Measurement of BHB values may be useful in evaluating rumen development in weaned calves. With weaning and the shift from liquid to solid feed, the rumen epithelium changes to facilitate increased absorption of  volatile fatty acids, the main source of energy for cattle and product of rumen fermentation by anaerobic bacteria. A study of 20 calves over weaning showed that BHB concentrations of 100 μmol/L (1.0 mg/dL) support adequate rumen maturation and feed intake from starter feed for weaning, when samples are collected 2 hours after eating the ration (Deelen et al 2016). However, these studies have just started and more data is needed to determine how useful BHB truly is for this purpose.

Increased concentration (ketonemia)

Increased BHB concentrations in blood indicates stimulation of lipolysis (all species) or excess absorption of butyrate (ruminants) from feeding spoiled silage (also called alimentary ketosis). Lipolysis is stimulated by any condition leading to negative energy balance (starvation/anorexia, late pregnancy or lactation, insulin lack/inhibition) and exercise (dogs, horses). In late pregnancy, negative energy balance may be compounded by a state of insulin resistance (due to progesterone). This promotes ketogenesis by causing a shift in energy metabolism from glucose to fat, decreasing conversion of dietary or endogenous triglycerides to stored fat, and by decreasing fatty acid oxidation in hepatocyte mitochondria (thus more acetyl CoA is available to form ketones (see image above). Note that horses have poorly developed ketogenic pathways, so ketosis is rare in this species.

  • Bovine ketosis: Ketosis primarily occurs in postcalving dairy cows, who are undergoing extensive lipolysis due to a combination of decreased dry matter intake and increased energy demands (from the fetus and milk production). Many transition dairy cows are also thought to be insulin resistant, which favors lipolysis and ketogenesis. VLDL transportation from the liver is inefficient in ruminants, which contributes to hepatic lipidosis in affected animals. Ketosis can be initiated by underlying diseases, which cause decreased dry matter intake and subsequent negative energy balance. Ketosis can also be subclinical or clinical. Note that any cow (not only transition cows) can develop alimentary ketosis (excess rumen butyrate production)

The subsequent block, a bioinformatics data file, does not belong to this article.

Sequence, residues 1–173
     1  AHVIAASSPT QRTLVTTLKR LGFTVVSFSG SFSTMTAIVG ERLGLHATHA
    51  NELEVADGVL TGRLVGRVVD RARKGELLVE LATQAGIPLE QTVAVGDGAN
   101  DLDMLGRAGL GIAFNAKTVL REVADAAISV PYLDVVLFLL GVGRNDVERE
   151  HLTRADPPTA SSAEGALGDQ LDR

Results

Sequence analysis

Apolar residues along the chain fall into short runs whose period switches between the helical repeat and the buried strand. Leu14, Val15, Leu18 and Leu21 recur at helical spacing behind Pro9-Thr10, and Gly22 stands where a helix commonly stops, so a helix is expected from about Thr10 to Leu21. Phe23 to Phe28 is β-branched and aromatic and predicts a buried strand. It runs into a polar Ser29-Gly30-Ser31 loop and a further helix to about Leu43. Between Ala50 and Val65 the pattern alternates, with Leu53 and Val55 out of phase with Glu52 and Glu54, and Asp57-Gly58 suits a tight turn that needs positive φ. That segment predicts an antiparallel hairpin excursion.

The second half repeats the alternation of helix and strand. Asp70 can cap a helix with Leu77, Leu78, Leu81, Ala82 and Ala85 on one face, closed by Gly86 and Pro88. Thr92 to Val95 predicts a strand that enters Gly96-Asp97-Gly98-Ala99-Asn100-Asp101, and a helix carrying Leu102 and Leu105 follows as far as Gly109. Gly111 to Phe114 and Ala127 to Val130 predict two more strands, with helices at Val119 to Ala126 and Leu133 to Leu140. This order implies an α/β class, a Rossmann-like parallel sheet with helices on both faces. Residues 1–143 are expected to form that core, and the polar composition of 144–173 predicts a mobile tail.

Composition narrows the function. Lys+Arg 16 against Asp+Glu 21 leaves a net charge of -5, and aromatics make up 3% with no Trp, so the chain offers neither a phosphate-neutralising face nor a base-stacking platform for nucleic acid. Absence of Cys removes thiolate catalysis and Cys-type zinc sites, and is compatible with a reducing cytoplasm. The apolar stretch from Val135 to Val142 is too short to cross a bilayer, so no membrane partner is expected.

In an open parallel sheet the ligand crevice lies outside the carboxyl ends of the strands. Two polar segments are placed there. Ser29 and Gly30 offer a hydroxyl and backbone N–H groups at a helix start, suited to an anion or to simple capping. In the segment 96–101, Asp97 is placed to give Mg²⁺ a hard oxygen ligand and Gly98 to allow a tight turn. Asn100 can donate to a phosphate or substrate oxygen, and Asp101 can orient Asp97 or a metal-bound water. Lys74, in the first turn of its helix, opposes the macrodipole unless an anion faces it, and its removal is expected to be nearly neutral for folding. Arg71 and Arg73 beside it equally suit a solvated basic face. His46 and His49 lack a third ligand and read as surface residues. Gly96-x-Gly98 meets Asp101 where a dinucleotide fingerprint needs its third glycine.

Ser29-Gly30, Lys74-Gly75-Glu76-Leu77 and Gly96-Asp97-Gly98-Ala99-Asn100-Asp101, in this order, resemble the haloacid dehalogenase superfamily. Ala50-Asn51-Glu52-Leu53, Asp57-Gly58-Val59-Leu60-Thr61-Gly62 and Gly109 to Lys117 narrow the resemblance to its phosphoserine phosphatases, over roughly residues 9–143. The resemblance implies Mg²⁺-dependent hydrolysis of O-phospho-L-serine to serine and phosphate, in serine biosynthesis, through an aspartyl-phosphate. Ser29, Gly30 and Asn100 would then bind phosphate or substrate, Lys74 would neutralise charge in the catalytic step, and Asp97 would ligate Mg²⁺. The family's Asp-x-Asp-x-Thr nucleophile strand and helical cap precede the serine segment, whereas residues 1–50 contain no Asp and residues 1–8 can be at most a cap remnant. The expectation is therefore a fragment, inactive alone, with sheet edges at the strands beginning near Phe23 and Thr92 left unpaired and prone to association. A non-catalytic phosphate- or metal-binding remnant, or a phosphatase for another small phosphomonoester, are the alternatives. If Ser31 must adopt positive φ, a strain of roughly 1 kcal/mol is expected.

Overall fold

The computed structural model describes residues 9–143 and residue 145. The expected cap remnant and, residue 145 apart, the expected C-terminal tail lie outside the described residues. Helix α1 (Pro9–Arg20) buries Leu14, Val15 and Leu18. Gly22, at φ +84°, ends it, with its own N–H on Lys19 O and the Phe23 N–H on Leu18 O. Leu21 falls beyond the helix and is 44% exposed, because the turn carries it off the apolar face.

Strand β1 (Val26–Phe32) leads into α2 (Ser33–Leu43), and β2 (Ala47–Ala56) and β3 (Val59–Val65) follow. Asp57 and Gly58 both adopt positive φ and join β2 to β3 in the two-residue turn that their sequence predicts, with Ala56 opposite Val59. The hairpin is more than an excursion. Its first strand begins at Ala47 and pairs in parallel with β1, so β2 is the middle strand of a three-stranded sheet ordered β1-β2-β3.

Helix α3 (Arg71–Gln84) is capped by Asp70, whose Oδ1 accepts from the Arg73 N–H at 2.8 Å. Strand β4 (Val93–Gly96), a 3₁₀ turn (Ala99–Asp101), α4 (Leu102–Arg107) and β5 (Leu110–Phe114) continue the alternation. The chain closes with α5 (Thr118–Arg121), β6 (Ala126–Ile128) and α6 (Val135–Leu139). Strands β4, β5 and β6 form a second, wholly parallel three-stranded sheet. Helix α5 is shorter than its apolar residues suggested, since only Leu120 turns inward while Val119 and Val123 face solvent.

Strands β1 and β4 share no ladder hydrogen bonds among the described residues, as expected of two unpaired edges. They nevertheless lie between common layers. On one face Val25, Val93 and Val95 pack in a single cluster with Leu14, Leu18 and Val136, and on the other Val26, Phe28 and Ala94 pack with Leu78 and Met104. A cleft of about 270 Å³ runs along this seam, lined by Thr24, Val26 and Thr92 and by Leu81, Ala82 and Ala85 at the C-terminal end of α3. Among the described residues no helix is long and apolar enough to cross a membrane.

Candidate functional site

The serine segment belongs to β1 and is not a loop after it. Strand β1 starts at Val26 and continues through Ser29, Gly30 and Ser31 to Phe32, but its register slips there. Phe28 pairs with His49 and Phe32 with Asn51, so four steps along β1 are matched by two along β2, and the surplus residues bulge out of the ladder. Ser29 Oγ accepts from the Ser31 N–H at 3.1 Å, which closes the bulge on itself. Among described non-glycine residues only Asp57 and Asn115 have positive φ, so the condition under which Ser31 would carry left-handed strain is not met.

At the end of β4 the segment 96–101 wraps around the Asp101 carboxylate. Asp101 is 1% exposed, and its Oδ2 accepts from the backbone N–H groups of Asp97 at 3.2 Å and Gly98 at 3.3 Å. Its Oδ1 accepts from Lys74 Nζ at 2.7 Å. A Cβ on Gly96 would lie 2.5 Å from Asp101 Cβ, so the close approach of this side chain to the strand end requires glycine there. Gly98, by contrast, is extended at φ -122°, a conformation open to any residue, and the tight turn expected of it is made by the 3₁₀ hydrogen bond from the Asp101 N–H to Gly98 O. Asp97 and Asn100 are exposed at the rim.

• Subclinical ketosis: Postcalving dairy cows with increased BHB, but no clinical signs of ketosis (off feed, decreased milk yield), are considered to be in a state of subclinical ketosis. Associations have been made between subclinical ketosis and an increased incidence of inflammatory (metritis, mastitis) and metabolic (displaced abomasum, clinical ketosis) diseases postcalving. Subclinical ketosis is also thought to reflect underlying hepatic lipidosis. Dairy practitioners have begun to monitor dairy herds for subclinical ketosis (which is an indirect indicator of excess negative energy balance) by testing for BHBs in the postcalving period, either alone or in combination with other tests (urea, albumin, NEFA, AST) as part of transition cow energy metabolite assessment. Results of these tests can be interpreted at the individual cow level (i.e. a BHB value above a certain cut-off indicates subclinical or clinical ketosis) or at the herd level (i.e. the proportion of tested cows that have BHB values over a certain cut-off value). The following interpretation guidelines are based on studies done at Cornell University and are valid for samples collected from ‘at risk’ total mixed ration (TMR)-fed cows between 3-14 days post-calving (Ospina et al., 2013).
      • Cow level testing: Post-calving BHB > 10 mg/dL is associated with a significant risk of post-calving metabolic or infectious diseases (displaced abomasum, clinical ketosis and metritis), decreased milk yield and decreased reproductive performance in individual TMR-fed Holstein cows.
      • Herd level testing: At the herd-level, there is a significantly increased risk of these post-calving diseases, decreased milk production or decreased reproductive performance if >10% of tested post-calving cows have BHB values > 10 mg/dL. Note, that as indicated above, pooling samples from individual cows is not recommended for herd-level test.